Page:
Custom «A Room of Ones Own» Essay Paper Sample
"A Room of One's Own" is one of Virginia Woolf's most renowned works. Some of her most distinguished sayings and phrases are entailed in this short work. In Virginia Woolf's "A Room of One's Own," her thesis provides explanation as to how women need their own room in order to find their own independence. It is also important to note that not only do women need a room of their own, but men do as well. It therefore serves as a withdrawal from daily life and Woolf uses the word, room, as a symbol for leisure time, privacy, and independence, - "Women have served all these centuries as looking-glasses possessing the magic and delicious power of reflecting the figure of a man at twice its natural size."
According to Virginia Woolf "A Room of One's Own" is more than just an idea on correlation of women and fiction. She insists that "a woman must have money and a room of her own if she is to write fiction...." Particularly, she holds that a woman should have 500 pounds per year and a room with a lock on the door. In her own money, we find that Woolf relied on an inheritance from her aunt; she claims that it was given to her "for no other reason than that (she) share (d) her name." The total amount was 500 pounds every year, for the duration of life and she insists that this amount of money is really important to a woman wishing to write (Lee, pp 122).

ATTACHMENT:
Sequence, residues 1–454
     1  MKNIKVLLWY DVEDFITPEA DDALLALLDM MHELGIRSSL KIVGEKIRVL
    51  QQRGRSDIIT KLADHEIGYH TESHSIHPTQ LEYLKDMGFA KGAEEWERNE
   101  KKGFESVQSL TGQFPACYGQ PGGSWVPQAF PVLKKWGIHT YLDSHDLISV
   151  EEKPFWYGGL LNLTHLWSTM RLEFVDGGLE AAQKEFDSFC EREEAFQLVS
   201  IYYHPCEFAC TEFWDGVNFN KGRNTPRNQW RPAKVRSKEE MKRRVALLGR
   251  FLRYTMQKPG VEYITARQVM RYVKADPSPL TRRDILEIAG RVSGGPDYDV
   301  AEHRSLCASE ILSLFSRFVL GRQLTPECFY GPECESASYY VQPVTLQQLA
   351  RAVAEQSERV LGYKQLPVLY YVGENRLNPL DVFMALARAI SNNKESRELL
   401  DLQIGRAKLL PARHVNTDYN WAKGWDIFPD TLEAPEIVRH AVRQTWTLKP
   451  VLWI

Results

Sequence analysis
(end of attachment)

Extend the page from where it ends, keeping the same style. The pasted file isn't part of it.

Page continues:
I must put it that to have a room which can be locked from inside is indeed a bliss. Having a room of one's own enables one to shut out the world and all the chores one is required to do and just get some head space. When the writer said that, if she had to choose between the vote and money, she would take financial freedom (married women over thirty were given the vote in 1919). She thus urges all women to get out there and look for jobs and become financially independent and this is really vital for women in the society.